We may need some credit to move out of state for airplane trips to find housing, car rental and hotels. We need to start planning now. When we are allowed to sell the house we should have more than enough to pay for everything only with debit cards if we had to. We are just not sure what to expect with a fresh closed discharge.
          I am in a <1% plan, burned all of the big banks' credit cards, and am still able to get new credit cards while in the chapter 13. I don't have to wait until discharge The first card was received 6 months after the filing. My trustee has a rule not to incur more than $1k in debt while in bankruptcy without court permission unless it is an emergency, and I liberally interpreted that to mean not to carry a balance more than $1k rather than $1k in credit limits. So there should be no problems rebuilding credit whether you do it shortly after filing or after discharge.

          Comment


            #6
            Originally posted by Barbisi View Post
            Jeffster, jb and shipo, this leads me to a very important question: If the debtor can not payback 100% of the approved claims (as Jeffster did) does that mean obtaining one or two CCs soon after discharge is much more difficult and will take 6 months to a year to achieve?
            We will be able to repay probably less than 35% of the total owed -is that an automatic target on your back that you are a bad credit risk?
            We may need some credit to move out of state for airplane trips to find housing, car rental and hotels. We need to start planning now. When we are allowed to sell the house we should have more than enough to pay for everything only with debit cards if we had to. We are just not sure what to expect with a fresh closed discharge.
            No, I don't think one has anything to do with the other. It took me so long to get three credit cards because I screwed up right after my discharge. Screwed up how? I was in too much of a hurry to do my homework properly and ended up with a whopping seven hard pulls against my credit reports within six weeks, and all I had to show for those pulls was denials and one secured credit card with a measly $1,000 credit limit. If I knew then what I know now, I could probably have ended up with an easy $8,000 in available credit (mixed between secured and unsecured) within four or five months of my discharge.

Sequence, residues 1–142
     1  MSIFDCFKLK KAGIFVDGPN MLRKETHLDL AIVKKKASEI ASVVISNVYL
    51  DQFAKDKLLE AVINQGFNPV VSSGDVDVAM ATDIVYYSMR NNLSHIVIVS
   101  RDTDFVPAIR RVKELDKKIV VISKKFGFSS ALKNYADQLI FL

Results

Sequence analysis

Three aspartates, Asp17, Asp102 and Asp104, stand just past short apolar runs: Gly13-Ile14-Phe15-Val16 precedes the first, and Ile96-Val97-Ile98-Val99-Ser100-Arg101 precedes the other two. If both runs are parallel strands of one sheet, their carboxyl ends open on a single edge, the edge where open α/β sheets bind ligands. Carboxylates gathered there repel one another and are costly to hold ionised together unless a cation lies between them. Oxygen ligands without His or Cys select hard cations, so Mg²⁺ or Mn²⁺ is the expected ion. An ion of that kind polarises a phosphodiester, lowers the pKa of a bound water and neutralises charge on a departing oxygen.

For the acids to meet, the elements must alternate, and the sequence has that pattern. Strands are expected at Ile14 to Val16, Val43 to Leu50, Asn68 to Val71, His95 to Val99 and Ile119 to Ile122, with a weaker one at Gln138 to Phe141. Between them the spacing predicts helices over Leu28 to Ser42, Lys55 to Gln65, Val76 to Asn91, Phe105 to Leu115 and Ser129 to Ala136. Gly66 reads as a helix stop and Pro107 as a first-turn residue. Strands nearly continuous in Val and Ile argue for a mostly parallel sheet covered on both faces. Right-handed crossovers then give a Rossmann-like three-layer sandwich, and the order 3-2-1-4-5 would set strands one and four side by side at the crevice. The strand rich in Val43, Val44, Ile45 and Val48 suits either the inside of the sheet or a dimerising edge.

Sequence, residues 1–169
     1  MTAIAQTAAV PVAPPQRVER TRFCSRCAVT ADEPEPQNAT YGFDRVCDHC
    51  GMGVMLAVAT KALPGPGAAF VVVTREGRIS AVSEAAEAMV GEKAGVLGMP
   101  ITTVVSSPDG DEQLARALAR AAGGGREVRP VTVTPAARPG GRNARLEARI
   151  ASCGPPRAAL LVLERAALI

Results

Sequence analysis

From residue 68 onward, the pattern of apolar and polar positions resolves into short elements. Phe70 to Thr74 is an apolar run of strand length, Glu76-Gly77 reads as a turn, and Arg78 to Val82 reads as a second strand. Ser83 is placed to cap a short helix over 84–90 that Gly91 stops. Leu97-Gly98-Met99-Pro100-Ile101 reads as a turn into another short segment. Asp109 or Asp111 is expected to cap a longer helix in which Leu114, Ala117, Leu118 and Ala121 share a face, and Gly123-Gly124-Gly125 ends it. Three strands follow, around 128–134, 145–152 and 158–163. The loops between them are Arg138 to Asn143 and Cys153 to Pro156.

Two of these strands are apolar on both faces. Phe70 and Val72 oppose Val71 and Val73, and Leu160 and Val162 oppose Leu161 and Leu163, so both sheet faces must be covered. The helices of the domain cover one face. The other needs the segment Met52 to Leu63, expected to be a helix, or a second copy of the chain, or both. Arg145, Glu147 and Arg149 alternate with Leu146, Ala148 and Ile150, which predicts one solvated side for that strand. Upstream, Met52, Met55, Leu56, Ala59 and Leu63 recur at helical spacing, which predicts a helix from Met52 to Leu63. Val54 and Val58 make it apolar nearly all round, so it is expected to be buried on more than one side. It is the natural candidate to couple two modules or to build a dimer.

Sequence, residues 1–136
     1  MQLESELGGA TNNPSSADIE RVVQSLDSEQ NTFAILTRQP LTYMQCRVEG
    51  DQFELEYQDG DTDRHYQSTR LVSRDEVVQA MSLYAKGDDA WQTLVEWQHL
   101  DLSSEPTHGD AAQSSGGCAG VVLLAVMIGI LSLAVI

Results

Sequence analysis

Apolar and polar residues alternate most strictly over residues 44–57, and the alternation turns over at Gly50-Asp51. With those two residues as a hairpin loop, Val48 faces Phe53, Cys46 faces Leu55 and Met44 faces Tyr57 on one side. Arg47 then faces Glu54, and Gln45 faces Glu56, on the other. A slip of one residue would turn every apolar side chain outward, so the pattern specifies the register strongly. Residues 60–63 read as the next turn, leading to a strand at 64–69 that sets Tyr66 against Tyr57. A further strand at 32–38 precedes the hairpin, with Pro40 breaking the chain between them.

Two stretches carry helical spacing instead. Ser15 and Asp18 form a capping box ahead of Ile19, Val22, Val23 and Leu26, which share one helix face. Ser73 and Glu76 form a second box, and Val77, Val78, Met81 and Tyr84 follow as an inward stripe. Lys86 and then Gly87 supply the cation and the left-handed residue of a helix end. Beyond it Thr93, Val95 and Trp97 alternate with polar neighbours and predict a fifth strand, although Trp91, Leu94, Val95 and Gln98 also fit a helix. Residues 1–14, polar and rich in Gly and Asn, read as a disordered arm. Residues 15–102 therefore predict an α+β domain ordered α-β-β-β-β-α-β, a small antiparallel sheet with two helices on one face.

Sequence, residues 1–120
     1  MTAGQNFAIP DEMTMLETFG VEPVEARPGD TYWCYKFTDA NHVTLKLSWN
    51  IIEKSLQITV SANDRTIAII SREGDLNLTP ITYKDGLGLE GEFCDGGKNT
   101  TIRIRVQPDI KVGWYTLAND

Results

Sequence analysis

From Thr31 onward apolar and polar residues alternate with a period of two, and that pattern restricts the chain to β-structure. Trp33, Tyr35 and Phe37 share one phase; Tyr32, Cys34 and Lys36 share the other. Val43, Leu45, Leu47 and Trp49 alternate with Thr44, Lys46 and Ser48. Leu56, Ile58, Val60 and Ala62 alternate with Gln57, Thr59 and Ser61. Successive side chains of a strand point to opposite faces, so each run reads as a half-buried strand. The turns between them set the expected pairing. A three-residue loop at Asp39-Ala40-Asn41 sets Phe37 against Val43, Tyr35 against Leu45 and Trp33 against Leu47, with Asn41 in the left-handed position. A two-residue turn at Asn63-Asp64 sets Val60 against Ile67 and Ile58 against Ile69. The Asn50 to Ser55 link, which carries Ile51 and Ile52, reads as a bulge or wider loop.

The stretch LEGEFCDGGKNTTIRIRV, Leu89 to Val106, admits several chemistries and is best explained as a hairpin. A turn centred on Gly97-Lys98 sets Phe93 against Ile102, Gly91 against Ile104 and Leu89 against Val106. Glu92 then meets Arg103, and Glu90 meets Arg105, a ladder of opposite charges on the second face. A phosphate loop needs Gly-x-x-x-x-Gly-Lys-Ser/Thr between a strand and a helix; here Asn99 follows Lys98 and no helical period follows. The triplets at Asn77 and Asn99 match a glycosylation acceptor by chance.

Fortunately, time heals these types of self inflicted wounds; by this time next year I'll have zero hard pulls in the previous twelve months, and only four within the previous two years (keep in mind, hard pulls over a year old do not factor in FICO scoring). Next summer will be decision time for us, buy a new house (much of this decision will be based upon where our kids will be living at the time), or maybe splurge and buy a couple of new cars. Regardless, my credit scores will be well set up for either option.
            Latent car nut.

            Comment


              #7
              flashoflight that is something I wondered about since my husband and I are allowed $500 each of debt (not sure if that's the correct term) without approval. I have thought about applying for credit card and not charging over $500 and actually using the card very little. Maybe just to put gas in the car and pay it off monthly. But I don't know if' the limit would matter vs how much was actually charged and never went out of my way to ask.

              I have used the online services that let you buy something in 4 installments just because it was offered and easier to manage. And the things I bought were around $200.

              Barbisi about Debit Card use. Sometimes places will put a hold on your Debit card for an amount LARGER than what you are spending. That could mess up your cash flow. We have two bank accounts/different banks. One puts a hold on gasoline so I tried purchase $20 of gas and got denied use because my balance in the checking account is under $100. Yes, they put a $100 hold on my debit card when I buy gas. I found that out when I had $98 in the account and was denied use. My other bank does not do that and they will even not penalize you if you get into a negative balance and then transfer money over within 24 hours. I found that out because we have two checking accounts at that bank. One is used for paying automatic payments we transfer money to it so it often gets a very low balance. I put in the wrong amount once and it went negative, but the payment was still paid and I could transfer the money over as I have cell phone notifications if anything happens to that account like a low balance (under $50).